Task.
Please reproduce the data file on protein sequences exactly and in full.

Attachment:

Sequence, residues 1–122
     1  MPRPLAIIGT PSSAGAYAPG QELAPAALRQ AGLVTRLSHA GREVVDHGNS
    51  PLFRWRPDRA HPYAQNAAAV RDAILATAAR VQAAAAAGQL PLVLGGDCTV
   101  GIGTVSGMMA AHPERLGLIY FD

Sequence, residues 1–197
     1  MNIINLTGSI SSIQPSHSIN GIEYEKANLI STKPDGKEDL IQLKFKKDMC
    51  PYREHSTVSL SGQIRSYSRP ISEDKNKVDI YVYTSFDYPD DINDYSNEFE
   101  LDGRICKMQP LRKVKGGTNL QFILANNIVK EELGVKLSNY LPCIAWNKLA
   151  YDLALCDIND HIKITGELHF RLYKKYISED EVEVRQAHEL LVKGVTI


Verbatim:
Sequence, residues 1–122
     1  MPRPLAIIGT PSSAGAYAPG QELAPAALRQ AGLVTRLSHA GREVVDHGNS
    51  PLFRWRPDRA HPYAQNAAAV RDAILATAAR VQAAAAAGQL PLVLGGDCTV
   101  GIGTVSGMMA AHPERLGLIY FD

Sequence, residues 1–197
     1  MNIINLTGSI SSIQPSHSIN GIEYEKANLI STKPDGKEDL IQLKFKKDMC
    51  PYREHSTVSL SGQIRSYSRP ISEDKNKVDI YVYTSFDYPD DINDYSNEFE
   101  LDGRICKMQP LRKVKGGTNL QFILANNIVK EELGVKLSNY LPCIAWNKLA
   151  YDLALCDIND HIKITGELHF RLYKKYISED EVEVRQAHEL LVKGVTI